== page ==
Matt Kelly

City Council Candidate Questionnaire: Matt Kelly

by | Apr 18, 2016 | Government

By Susan Larson. Photo by Ted Schubel, WFVA 1230 AM. Used with permission.

Fredericksburg City Councilman Matt Kelly is running unopposed for re-election in the May 3, 2016, general election, which also includes races for mayor, a second at-large city council seat, and two school board members.

Fredericksburg Today asked Kelly to respond to a brief candidate questionnaire. His unedited answers follow.

Why are you running for city council?
Council will be making decisions over the next four years which will define Fredericksburg for the foreseeable future. Decisions which look good today may be detrimental to our future; especially as it relates to the city’s character. Preserving that character by ensuring future development is compatible with it is of paramount importance. Failing to recognize this will be both detrimental to the city’s long-term financial health and to our quality of life. I am running to continue as the Council voice for preservation and compatible development to the city’s unique character, and continue to work to achieve that goal.

What do you believe are the five most pressing issues facing the city, and what do you propose to do about these issues? Please limit your response to 100 words per issue.
1. City Character – The biggest issue facing the city is dealing with growth while maintaining the city’s unique historic, small-town character. We have talked a good game about preserving that character but our actions — continuing loss of historic structures, approving out of scale development, focusing on new development while ignoring redevelopment opportunities — is a concern for many.

We have the ordinances in place and new planning personnel we need only make the commitment through actions, not words, to protect our community character. To lose what makes us unique will have very detrimental impact on both our quality of life and the future financial viability of the city.

2. Economic Development — We need to, as a community, define the kind of development we want and then go out and recruit it. We must work with the development community as partners and use incentives only when the project meets those goals.

Understanding how our region is developing and its impact on us is crucial. This will help us find our niche to complement that growth instead of competing with it. Finally, we must look at development opportunities city wide and not just downtown. We have space available for employment centers and housing beyond just downtown.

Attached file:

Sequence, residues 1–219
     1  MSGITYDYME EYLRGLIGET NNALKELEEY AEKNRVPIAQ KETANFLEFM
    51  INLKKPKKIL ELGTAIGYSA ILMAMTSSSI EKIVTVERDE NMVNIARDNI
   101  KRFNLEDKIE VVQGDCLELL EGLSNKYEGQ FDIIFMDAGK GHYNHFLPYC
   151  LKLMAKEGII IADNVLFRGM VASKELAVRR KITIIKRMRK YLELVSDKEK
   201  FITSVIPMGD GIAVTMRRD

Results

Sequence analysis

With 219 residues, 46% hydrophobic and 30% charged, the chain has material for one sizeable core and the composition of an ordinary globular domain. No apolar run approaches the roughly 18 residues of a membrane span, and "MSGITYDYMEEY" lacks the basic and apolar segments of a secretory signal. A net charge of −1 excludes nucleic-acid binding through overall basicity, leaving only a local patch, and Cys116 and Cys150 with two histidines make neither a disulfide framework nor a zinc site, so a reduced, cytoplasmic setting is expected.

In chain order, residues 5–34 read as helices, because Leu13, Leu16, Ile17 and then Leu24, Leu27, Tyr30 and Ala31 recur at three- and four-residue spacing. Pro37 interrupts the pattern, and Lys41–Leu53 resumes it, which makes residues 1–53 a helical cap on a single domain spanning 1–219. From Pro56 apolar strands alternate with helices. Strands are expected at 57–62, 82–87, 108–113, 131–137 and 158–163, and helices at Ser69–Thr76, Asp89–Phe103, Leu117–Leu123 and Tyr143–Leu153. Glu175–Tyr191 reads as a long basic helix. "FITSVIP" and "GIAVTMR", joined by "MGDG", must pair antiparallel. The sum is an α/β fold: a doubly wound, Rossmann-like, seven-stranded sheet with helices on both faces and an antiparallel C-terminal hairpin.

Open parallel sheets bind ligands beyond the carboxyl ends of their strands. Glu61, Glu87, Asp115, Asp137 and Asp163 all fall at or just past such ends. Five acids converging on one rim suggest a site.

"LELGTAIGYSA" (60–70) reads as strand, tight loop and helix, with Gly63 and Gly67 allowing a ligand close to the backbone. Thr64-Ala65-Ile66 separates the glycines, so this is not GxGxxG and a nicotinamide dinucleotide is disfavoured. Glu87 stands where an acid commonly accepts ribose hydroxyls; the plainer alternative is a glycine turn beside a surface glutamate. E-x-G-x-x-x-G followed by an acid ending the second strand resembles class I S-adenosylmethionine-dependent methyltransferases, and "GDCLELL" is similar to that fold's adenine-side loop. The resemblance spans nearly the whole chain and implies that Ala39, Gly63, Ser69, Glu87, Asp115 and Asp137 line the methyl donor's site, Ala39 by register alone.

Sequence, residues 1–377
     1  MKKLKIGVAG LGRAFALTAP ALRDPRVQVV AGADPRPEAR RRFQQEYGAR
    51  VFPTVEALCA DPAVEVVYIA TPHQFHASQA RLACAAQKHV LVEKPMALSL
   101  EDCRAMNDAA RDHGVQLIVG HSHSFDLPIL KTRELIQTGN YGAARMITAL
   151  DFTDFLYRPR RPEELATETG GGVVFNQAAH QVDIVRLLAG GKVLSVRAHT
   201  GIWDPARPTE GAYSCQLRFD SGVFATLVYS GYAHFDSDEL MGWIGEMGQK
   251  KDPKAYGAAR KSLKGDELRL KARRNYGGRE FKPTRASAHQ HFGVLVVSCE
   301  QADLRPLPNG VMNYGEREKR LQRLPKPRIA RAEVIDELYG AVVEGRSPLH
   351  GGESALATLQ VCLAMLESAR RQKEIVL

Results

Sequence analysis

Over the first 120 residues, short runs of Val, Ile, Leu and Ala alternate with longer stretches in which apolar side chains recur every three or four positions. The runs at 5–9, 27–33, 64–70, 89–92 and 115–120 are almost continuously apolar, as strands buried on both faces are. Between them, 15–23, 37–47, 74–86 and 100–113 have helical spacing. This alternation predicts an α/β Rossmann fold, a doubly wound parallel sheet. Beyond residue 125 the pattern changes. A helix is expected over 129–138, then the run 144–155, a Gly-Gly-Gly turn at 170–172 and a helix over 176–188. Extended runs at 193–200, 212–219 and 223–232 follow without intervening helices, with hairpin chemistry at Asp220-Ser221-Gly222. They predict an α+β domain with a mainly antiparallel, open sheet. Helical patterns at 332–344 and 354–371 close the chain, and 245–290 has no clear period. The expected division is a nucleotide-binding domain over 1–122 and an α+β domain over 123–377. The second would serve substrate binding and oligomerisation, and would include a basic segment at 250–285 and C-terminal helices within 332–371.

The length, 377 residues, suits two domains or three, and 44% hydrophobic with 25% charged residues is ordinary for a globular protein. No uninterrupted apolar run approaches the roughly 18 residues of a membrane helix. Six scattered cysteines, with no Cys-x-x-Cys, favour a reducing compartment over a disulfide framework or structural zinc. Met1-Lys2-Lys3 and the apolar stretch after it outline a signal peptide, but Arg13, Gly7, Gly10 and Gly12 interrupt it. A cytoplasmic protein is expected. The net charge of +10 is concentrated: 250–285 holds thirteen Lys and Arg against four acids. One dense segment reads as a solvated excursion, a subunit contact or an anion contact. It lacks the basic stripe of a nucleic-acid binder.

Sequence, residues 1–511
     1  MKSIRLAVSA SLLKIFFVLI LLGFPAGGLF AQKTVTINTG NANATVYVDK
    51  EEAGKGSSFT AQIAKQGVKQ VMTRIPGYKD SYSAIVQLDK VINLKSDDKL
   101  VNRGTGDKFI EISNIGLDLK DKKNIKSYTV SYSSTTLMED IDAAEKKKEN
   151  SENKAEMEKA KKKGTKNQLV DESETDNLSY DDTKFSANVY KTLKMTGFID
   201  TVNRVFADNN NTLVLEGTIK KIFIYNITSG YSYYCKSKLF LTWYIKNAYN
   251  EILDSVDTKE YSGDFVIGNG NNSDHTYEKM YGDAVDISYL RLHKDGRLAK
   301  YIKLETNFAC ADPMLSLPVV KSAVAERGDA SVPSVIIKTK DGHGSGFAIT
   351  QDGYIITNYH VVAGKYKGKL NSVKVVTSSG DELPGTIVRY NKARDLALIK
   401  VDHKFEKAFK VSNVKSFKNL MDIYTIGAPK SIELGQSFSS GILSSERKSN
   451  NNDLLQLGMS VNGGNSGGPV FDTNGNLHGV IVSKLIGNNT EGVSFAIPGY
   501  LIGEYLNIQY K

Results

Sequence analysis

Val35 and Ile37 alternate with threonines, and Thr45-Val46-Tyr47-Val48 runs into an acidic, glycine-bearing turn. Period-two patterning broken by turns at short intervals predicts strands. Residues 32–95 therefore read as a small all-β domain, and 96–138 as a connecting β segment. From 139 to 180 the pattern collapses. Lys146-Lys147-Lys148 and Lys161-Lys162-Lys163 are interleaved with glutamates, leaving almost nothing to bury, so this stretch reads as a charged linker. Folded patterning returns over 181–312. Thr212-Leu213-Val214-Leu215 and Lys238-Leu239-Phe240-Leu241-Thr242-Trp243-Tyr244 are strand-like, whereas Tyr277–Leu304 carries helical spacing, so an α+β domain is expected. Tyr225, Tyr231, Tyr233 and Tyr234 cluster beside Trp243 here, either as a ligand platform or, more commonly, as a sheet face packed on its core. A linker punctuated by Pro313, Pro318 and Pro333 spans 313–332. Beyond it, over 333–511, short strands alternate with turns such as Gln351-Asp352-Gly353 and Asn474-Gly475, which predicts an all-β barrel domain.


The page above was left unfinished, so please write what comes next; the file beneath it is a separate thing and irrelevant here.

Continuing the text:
3. Transportation — This is one area that impacts everything else. No one wants to live, work, or locate in congested areas. We need to improve transportation both as it relates to road as well as transit.

Traditional funding sources are not going to meet the demands of our growing region. Some consideration must be given to other sources of revenue including a transportation authority similar to Hampton Roads and Northern VA. We as a community need to discuss the costs to us as it relates to establishing a transportation authority vs. the cost of growing congestion on our quality of life and economic development potential.

4. Thinking Regionally — Cost to the city for such things as services, schools, police and fire, continue to go up. We must look for other opportunities beyond just raising taxes to cover costs. We need to stop playing lips service to regional approaches and start looking for ways to implement approaches that allow us to share both costs and savings with our neighbors.

We should be looking at regional, or expanding existing regional approaches to areas such as refuse disposal, technology infrastructure, placement of fire/EMS facilities; reducing costs on insurance, purchasing and shared programs. Combining efforts at bringing in development opportunities should also be on the table.

5. Community Engagement — We need to engage the community at the beginning of a discussion, not just before a vote is taken. Too often residents are not made aware of an issue until a decision is being made. This causes confusion, distrust, and, most importantly, diminishes community engagement because of the belief that “the fix is in.” It also causes delays and costs to applicants as we try at the last minute to address concerns. The city needs to do a much better job informing residents in a timely manner and reaching out beyond just what is required to secure input. Just hiring a public information officer does not necessarily solve the problem. It requires a change in mind-set from the council on down.

I was born in Newport Beach, Calif., and came to Virginia in 1969. I graduated from Mount Vernon High School in Alexandria, Va., and later attend Mary Washington College, graduating with a degree in history. I’m employed as an adjuster by Loudoun Mutual Insurance Company.

I represented Ward 3 on city council from 2002 – 2010, and was re-elected as an at-large member in 2012.

My civic involvement has included the Shelter Board, tutoring in the city’s REACH program, and serving on the city’s Housing Commission. I’ve represented the city on all regional boards covering trash, transportation and regional planning. I’ve also served on the Arts Commission, Park Authority, Riverfront Taskforce and the Parks & Rec Commission.

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